October 2016, Volume 66, Issue 10

Original Article

Perceptions of house officers working in hospitals of Lahore about joining the field of anaesthesiology as a career

Sohail Anjum  ( Assistant Professor of Anesthesia, Sahara Medical College Narowal, Pakistan. )
Usman Mahboob  ( Assistant Professor of Medical Education, Khyber Medical University, Peshawar. )


Objective: To determine the perceptions of house officers working in hospitals about joining anaesthesiology as a career.

Methods: This quantitative, descriptive questionnaire-based study was carried out from September 2014 to February 2015 in 26 teaching hospitals of Lahore, Pakistan, and comprised house officers. Those with at least three months of working experience in anaesthesiology were included. They were approached in their respective departments and a validated self-reporting questionnaire was delivered to them and received back by hand. SPSS 16 was used for data analysis.

Results: Of the 73 house officers approached, 53(72.6%) responded; 35(66%) men and 18(33%) women. Overall, 25(47.16%) respondents refused to join anaesthesiology as a career and 27(50.94%) included it in their first three career choices. Moreover, 25(47.16%) cited minimal interaction with patient as a reason for not taking anaesthesia as a career choice; 29(56.6%) of the respondents believed an anaesthetist had no or little role in surgery. Change in attitude about anaesthesiology as a specialty after having an anaesthesia rotation was mentioned by 26(49.05%) respondents.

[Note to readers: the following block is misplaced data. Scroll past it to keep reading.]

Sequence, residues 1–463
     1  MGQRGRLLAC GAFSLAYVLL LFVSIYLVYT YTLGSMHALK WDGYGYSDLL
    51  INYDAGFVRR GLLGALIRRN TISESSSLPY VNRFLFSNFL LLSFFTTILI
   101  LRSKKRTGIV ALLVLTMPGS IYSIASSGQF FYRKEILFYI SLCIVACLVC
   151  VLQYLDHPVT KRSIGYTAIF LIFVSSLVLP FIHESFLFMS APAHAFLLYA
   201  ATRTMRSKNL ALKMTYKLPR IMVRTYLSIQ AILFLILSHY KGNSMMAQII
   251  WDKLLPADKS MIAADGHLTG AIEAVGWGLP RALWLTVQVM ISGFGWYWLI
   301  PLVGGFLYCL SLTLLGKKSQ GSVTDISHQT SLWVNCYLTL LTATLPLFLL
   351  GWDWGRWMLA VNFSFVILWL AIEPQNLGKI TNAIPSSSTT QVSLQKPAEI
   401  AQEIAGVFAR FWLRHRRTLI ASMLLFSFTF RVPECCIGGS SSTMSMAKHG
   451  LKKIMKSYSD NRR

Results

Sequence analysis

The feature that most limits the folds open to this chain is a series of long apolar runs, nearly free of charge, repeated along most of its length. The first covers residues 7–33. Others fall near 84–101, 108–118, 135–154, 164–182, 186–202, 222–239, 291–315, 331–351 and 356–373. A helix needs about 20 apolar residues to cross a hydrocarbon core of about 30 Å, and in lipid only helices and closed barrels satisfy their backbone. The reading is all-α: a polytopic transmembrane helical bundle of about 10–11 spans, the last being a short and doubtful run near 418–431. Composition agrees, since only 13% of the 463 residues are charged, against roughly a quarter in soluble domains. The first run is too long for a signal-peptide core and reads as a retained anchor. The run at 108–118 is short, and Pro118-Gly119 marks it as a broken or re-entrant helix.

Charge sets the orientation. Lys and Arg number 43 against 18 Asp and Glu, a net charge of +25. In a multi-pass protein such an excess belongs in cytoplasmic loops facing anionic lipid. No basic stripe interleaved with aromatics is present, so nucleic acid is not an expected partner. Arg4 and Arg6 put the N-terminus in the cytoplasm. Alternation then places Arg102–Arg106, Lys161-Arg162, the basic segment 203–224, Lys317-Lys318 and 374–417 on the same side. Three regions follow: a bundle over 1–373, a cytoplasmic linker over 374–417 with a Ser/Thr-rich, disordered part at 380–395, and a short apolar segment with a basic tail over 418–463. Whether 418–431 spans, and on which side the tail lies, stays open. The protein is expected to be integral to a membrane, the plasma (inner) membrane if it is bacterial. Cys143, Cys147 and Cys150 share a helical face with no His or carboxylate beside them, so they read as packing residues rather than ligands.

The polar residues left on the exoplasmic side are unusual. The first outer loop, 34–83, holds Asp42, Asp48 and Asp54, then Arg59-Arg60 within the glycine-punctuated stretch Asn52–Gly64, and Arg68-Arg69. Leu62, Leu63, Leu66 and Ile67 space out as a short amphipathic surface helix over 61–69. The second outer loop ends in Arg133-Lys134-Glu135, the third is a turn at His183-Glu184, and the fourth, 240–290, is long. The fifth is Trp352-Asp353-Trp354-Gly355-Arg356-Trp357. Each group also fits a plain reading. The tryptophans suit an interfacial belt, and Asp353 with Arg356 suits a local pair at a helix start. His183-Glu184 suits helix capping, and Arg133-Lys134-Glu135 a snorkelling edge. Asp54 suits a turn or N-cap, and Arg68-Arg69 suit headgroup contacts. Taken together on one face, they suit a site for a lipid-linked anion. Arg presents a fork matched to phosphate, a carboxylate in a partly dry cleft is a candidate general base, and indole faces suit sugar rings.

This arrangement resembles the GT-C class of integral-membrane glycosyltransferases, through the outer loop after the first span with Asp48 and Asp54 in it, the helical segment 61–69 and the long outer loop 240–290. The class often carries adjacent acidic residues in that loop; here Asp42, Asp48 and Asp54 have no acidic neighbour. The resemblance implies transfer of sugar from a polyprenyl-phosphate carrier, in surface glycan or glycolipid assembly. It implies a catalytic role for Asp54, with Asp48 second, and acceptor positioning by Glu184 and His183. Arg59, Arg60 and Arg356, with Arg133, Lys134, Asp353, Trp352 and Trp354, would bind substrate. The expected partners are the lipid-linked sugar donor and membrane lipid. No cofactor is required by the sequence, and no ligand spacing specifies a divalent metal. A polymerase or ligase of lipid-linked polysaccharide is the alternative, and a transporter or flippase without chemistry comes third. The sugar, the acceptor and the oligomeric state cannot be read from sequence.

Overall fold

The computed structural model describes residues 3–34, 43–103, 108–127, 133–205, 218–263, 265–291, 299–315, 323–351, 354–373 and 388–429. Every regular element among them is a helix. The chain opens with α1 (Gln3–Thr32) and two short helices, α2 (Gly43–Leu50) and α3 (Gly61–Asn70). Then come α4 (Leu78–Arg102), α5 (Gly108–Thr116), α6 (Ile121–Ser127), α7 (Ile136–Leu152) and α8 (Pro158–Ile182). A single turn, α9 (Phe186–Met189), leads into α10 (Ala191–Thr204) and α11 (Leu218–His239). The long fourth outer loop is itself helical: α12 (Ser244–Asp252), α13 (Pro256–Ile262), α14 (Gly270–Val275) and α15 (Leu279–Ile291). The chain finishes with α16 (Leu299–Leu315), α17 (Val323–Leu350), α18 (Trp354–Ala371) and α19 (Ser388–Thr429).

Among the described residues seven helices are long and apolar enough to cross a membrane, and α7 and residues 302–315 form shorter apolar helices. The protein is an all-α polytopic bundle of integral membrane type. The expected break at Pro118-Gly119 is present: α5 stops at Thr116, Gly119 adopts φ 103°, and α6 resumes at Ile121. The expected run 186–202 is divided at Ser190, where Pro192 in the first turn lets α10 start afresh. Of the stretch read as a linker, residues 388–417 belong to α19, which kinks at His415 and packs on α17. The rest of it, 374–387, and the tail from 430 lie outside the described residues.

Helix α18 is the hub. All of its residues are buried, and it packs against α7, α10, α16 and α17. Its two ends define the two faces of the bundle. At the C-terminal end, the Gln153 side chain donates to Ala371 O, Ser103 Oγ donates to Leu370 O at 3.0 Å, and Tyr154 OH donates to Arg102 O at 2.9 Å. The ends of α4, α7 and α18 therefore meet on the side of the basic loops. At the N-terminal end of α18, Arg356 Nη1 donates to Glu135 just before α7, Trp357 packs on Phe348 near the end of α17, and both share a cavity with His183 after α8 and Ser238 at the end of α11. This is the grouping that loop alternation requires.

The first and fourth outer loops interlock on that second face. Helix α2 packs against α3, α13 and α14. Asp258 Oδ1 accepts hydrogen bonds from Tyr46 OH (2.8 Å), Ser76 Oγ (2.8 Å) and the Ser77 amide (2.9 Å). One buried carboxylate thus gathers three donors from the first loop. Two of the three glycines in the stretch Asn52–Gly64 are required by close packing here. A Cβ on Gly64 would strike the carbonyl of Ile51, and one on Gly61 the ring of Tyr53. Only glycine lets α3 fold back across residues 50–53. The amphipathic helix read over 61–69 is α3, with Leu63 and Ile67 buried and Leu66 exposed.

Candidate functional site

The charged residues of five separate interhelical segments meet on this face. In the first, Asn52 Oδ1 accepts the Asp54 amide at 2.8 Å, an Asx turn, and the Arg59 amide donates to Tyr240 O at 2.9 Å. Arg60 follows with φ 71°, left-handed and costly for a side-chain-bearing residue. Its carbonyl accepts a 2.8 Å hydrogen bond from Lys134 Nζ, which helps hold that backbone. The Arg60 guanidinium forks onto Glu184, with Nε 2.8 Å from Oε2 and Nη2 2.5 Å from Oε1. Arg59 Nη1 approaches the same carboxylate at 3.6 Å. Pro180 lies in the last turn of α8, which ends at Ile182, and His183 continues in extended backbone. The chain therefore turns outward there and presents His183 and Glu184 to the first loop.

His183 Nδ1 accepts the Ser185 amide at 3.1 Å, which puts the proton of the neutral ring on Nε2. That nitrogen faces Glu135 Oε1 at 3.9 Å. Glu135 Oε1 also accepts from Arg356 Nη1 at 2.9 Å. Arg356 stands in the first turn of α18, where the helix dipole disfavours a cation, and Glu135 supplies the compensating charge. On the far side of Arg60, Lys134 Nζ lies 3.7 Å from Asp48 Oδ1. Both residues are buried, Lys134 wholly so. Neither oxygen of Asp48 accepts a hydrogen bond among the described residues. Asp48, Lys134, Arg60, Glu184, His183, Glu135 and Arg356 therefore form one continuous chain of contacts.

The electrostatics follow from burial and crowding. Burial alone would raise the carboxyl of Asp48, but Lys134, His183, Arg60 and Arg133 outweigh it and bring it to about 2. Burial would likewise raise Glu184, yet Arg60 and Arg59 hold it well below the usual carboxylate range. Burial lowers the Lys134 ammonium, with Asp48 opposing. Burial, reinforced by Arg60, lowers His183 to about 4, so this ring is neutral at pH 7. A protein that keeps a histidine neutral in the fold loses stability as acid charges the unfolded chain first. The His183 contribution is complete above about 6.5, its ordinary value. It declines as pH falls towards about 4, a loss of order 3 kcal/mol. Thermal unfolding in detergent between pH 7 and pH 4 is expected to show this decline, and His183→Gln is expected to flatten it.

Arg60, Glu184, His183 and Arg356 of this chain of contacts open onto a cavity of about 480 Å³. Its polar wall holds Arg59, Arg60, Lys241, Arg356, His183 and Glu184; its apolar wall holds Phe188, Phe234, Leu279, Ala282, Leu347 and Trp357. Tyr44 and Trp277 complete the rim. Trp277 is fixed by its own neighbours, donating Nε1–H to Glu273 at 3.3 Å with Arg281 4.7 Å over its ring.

Conclusion: House officers had reservations about joining anaesthesiology as a career. The findings are suggestive of a positive effect of anaesthesiology house job on house officers attitude about the specialty.

Keywords: Anaesthesiology, Career, House officers, Perceptions, Hospital. (JPMA 66: 1205; 2016)



Shortage of manpower is a major problem in the healthcare systems of developing countries. This problem is even more alarming as far as anaesthesia is concerned. Pakistan, with a population of 192 million, has only 1,163 qualified anaesthetists (anaesthetist-to-population ratio is 1:160,000).1 Choosing a career can be affected by different extrinsic and intrinsic factors.2 Attitude about anaesthesiology as a career choice may be different from student to student of various regions in the world.3 To study such factors, it may be important to develop future recruitment plans in a specialty which is already not a preferable choice of the medical students of developing countries.4 Understanding the house officers perceptions about various specialties can be a valuable input to the health systems leadership in order to promote such a specialty distribution which could match our populations growing needs.5 Additionally, institutional care also demands the involvement of allied disciplines such as anaesthesiology.6 The current study was planned to determine the perceptions of house officers working in hospitals about joining anaesthesiology as a career option.